Unit 4: Preparedness Issues This unit will begin with a brief scenario that illustrates the importance of planning. Students will watch a video that stresses the need for planning. The instructor will introduce a scenario and students will answer questions about preparedness based on that scenario. Finally, students will identify preparedness actions that they can take now to plan for the future.

Unit 5: Response Issues This unit will begin with an overview of response and government's role. The instructors will use brief scenarios to discuss the type of assistance needed to help special needs populations. Students will receive an update on the scenario introduced in the last unit and answer a series of questions about response. Finally, students will identify actions they can take now to plan for response in the future.

Unit 6: Recovery Issues In this unit, the students will review the definition of recovery and outline the relationship between recovery and response. The instructor will review key Federal recovery activities. Students will then review a scenario update and identify types of assistance available, strategies for getting information about assistance to special needs populations, and key activities to accomplish during the recovery process. Finally, students will identify actions they can take now to plan for recovery in the future.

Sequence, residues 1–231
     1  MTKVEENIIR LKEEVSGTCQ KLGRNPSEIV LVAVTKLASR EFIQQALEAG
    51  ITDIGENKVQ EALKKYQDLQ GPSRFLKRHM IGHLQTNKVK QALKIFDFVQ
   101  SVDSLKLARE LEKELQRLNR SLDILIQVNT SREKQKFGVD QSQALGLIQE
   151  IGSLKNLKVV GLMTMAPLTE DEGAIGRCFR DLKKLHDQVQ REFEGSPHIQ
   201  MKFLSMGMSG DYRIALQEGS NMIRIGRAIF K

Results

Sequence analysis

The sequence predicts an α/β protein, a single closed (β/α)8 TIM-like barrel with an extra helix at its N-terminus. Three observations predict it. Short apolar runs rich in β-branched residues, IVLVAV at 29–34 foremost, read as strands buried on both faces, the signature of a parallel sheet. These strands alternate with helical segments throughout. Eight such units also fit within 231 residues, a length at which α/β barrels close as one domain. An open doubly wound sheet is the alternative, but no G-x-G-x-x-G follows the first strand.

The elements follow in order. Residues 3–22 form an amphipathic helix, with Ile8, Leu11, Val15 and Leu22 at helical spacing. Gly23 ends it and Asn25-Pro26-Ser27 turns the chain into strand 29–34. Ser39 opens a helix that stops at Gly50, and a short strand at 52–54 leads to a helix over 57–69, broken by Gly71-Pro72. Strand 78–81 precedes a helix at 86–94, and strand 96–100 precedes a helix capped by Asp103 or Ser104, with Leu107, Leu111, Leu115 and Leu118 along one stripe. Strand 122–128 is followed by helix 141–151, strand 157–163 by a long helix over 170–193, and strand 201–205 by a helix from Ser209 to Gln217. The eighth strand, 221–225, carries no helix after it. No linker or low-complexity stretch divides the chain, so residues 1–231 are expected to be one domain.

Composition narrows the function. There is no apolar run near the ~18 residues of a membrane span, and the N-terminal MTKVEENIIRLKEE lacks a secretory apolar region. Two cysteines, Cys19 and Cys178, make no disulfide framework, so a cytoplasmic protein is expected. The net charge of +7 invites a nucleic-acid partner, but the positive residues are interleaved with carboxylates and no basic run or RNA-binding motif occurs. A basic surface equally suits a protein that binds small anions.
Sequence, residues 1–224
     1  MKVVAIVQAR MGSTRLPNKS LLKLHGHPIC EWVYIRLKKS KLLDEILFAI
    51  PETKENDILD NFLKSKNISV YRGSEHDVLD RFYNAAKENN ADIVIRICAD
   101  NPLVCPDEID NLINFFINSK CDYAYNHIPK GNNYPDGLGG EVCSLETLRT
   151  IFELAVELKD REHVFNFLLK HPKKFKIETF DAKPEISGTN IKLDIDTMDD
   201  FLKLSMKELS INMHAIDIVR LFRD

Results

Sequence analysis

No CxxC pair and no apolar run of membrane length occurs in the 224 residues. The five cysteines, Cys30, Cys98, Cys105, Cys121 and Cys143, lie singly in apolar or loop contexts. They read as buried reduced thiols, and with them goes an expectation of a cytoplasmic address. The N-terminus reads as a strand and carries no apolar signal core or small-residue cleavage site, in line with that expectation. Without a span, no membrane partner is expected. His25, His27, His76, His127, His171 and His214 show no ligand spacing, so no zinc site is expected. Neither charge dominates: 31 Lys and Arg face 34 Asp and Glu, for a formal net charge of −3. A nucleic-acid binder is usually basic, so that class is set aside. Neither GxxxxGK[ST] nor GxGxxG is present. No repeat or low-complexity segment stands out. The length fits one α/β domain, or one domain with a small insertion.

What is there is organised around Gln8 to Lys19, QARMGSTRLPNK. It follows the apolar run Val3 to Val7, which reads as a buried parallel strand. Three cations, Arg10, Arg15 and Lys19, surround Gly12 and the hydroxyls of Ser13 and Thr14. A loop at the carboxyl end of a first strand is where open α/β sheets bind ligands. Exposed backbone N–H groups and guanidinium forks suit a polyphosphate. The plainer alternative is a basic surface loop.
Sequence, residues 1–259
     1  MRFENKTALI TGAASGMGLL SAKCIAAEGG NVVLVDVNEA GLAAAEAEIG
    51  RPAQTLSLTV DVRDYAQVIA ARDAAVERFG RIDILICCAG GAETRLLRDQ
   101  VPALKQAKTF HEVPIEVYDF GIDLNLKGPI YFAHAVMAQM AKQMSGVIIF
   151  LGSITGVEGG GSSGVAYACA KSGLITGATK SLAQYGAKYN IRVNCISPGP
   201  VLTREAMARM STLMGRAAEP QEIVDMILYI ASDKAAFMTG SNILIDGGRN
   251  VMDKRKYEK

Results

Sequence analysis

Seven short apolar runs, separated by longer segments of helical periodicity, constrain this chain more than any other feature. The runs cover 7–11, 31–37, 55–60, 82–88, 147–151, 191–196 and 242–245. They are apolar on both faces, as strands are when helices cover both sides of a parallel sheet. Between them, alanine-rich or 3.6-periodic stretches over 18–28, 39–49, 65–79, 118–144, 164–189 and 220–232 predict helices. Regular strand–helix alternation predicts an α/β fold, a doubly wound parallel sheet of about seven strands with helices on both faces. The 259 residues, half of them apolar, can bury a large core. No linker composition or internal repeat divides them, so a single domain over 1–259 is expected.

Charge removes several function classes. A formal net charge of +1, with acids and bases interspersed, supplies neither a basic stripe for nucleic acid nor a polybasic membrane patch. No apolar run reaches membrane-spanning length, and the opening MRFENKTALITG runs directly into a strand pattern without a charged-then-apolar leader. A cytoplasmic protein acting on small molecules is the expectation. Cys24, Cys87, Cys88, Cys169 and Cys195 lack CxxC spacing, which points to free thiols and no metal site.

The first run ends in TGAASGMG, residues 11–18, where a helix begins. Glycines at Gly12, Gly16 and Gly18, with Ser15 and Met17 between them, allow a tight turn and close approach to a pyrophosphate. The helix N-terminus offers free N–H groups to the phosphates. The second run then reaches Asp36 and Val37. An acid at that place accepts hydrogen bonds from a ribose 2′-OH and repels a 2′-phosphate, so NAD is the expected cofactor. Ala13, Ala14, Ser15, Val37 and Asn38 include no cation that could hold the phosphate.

Unit 7: Unique Considerations This unit will address the unique issues related to providing emergency care to seniors, persons with disabilities, and other special needs populations. Financial issues, media relations, and current trends will be covered. To ensure that the information is accurate and the student's questions are answered, it is suggested that this unit be delivered using guest instructors who are experts in specific areas.

Unit 8: Course Summary This unit will review student expectations from the first day of class, and identify key lessons learned and actions to be taken after the class.


Relocated senior citizens may experience

a. minimal disruption as most live near friends and relatives.
b. less medical problems as they meet other senior citizens.
c. no reduction of support as government services generally equal that of individual care they received prior to relocation.
d. transfer trauma that without care can cause illness and even death in senior citizens.

It is estimated ____ Americans have some disability.

a. 25 million
b. 16 million
c. 2 million
d. 54 million

When developing your emergency plan you should designated the American Red Cross as the lead agency as they have the most experience. True or False?

Copyright © 2004 International Disaster/Fire Training Institute, Inc.
All rights reserved.
Website www.all-hazards.com
Email director@all-hazards.com

Government publications used in this document have been electronically transcribed by
International Disaster/Fire Training Institute, Inc.
Sources used to develop these courses are public domain documents.